That first day, we worked with students in the senior class (years 7-10), getting to know them, and jamming on some improvisations using the instruments they had (djembes, drum kit) along with some that I had brought along with me (chime bars and agogo bell). We also performed at the whole-school assembly, Tony and I playing an improvisation for clarinet and saxophone as a way of establishing our interest with this project in creating new music from scratch, in a collaborative way.

Then I taught the whole school a song, a spiritual called ‘Ain’t gonna let nobody turn me around’. We learned it line by line, and then sang it through together. There are some fine singers in this school! After the song, they asked us to play again so we got the senior class to clap a basic groove for us, and improvised a funkier, less esoteric number to wrap things up for the assembly.

Being musicians in the community means being a part of the community, and the weekend provided many opportunities to jam and hang out with adult musicians among the community and the teaching staff. On Friday night we played awhile with one of the school teachers, a young guy who is an accomplished guitarist, keen to develop his improvising skills. Tony got him playing solos on a minor blues scale, and this planted the seed of an idea for our school workshops – to create a Djarindjin-Lombadina Blues, and use this as a vehicle for some of the teachers and any others to develop their improvisation skills.

Saturday night community jamWe were thrilled to be invited to jam with some of the local indigenous community’s adult musicians on Saturday, along with some of the teachers. Apparently, this is the first time ever that the community’s musicians and the school’s teachers have played together in this way. The community musicians are professionals, who play in bands and have a gig coming up next week, so they were keen to get playing. They brought along electric bass, guitar, and a couple of well-travelled amps (lots of red dust adorning them, as befits an amp from this part of the world). One of the teachers played keyboard, another played guitar, and another played percussion. Tony played bass guitar, I played soprano sax, and before long, we’d been joined by a crowd of children who clamoured to the djembes and shakers and kept the grooves going well into the night.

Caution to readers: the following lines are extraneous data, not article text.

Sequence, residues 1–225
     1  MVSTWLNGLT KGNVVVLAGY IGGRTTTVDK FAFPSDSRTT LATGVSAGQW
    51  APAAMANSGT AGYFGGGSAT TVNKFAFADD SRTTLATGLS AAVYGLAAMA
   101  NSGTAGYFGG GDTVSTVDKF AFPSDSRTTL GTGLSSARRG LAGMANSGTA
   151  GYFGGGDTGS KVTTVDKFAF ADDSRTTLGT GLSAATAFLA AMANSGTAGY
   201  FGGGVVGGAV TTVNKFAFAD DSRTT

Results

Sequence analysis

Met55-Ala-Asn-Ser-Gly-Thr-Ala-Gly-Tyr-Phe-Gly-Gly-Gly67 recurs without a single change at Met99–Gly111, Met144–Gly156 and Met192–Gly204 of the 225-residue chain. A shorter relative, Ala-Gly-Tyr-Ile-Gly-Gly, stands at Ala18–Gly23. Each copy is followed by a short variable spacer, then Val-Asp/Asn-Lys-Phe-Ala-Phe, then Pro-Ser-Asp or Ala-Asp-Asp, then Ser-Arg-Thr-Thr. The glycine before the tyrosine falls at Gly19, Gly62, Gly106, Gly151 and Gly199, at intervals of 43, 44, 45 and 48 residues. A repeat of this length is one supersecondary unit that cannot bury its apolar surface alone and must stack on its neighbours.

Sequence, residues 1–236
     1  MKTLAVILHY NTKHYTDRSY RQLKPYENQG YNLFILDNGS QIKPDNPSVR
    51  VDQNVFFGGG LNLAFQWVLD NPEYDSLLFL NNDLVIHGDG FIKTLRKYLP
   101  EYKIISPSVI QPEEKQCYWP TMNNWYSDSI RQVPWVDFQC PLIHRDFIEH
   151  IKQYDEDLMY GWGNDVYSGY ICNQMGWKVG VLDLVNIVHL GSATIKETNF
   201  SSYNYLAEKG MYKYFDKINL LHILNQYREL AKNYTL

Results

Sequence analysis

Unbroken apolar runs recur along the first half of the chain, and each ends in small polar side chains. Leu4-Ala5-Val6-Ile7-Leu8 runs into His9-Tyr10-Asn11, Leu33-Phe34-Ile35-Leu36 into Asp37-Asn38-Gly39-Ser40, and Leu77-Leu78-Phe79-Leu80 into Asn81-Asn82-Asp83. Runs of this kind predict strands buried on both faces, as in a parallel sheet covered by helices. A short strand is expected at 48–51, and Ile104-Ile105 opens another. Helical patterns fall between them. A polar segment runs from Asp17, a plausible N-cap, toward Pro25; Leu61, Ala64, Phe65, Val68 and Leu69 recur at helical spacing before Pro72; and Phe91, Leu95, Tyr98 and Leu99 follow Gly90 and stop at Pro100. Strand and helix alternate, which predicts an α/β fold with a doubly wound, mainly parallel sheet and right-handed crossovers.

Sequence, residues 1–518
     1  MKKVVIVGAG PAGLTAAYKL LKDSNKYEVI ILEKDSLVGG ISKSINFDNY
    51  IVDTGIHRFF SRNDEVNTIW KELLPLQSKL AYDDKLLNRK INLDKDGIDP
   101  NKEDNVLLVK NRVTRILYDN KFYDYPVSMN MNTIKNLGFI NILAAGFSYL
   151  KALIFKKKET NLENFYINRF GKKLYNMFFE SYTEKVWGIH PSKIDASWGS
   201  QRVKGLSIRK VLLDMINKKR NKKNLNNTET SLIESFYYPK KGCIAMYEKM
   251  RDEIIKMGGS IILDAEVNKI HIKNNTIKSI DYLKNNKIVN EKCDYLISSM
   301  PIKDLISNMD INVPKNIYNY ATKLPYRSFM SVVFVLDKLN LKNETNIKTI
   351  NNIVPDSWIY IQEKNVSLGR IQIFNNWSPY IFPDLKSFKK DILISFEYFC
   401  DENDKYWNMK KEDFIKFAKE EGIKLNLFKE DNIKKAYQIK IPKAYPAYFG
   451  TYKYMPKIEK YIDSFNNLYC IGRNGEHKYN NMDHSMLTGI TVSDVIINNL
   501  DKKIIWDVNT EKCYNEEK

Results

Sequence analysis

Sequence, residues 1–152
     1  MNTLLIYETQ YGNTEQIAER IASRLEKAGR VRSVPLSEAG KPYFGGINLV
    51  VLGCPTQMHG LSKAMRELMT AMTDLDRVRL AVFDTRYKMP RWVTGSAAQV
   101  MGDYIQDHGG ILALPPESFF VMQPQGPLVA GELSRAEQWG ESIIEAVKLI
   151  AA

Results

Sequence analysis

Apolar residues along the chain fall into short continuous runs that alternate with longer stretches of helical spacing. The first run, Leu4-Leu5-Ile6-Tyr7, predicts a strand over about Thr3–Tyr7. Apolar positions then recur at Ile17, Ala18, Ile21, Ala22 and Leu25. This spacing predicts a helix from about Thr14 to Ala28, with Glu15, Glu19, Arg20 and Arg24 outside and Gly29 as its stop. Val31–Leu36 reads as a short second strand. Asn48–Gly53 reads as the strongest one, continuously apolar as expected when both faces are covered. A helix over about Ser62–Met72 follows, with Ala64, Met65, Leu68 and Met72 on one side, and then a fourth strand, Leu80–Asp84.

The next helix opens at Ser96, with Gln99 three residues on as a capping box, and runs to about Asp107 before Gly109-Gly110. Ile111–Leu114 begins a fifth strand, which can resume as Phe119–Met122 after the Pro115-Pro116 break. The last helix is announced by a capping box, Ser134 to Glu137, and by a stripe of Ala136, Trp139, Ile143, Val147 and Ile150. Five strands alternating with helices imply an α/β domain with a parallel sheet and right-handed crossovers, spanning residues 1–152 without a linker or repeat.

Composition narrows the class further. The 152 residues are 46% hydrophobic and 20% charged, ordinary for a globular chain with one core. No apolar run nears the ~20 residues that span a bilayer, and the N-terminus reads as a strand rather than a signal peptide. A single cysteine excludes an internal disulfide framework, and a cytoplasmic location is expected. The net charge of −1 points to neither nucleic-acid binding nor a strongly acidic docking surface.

This was a very warm introduction to the community and to some of the younger children. The following morning, we took up an invitation to bring our instruments along to Sunday Mass, and played ‘entrance’ music while people gathered in their seats. Once again, this was a way that we could contribute our music to community life, and build relationships with people. This kind of relationship-building within the community is an important part of Tura New Music’s remote residencies.

Today – Monday – was our second day in the school. We worked mainly with the senior class again (they are our main collaborating group for this project). This morning, we revisited some of the rhythmic and counting work we’d started the week before, spent some time exploring other instruments – such as the wah-wah tubes, and the violin that a previous teacher had left in the school but no-one knew how to play.

For our performance on Thursday we want to incorporate 3-4 pieces of music created by the children and teachers. Today we brainstormed ideas for ‘themes’ or topics that these pieces of music could depict or explore. Ideas such as “fishing”, “Family and Country”, and “Dreams for the future” were proposed.

We decided that the ‘fishing’ topic would make a good whole-school blues number. Today we created a chorus and a verse for this. The pre-primary/grade 1 class wrote the verse. Their lyrics are:

We gotta take a fishing line

We gotta take a bag of bait

Spearing fist and catching crabs

Along the mangroves on the beach.

In the afternoon we worked with the senior class again. We were pleased to see that the whole group had stayed in school for the whole day. Day-to-day life can be very transient in this part of the world and attendance at school is unpredictable. But the students seem extremely engaged in this project, excited to learn skills on the different instruments and to work with us to develop the music. Their teacher suggested to us that the word about the music residency was probably spreading, and that he “wouldn’t be surprised if these kids come back to school everyday you’re here”. That would be a wonderful additional outcome. Certainly, it feels like we have built some good relationships thus far, and that the young people are very engaged, trust what we are offering and what they are likely to get out of the project.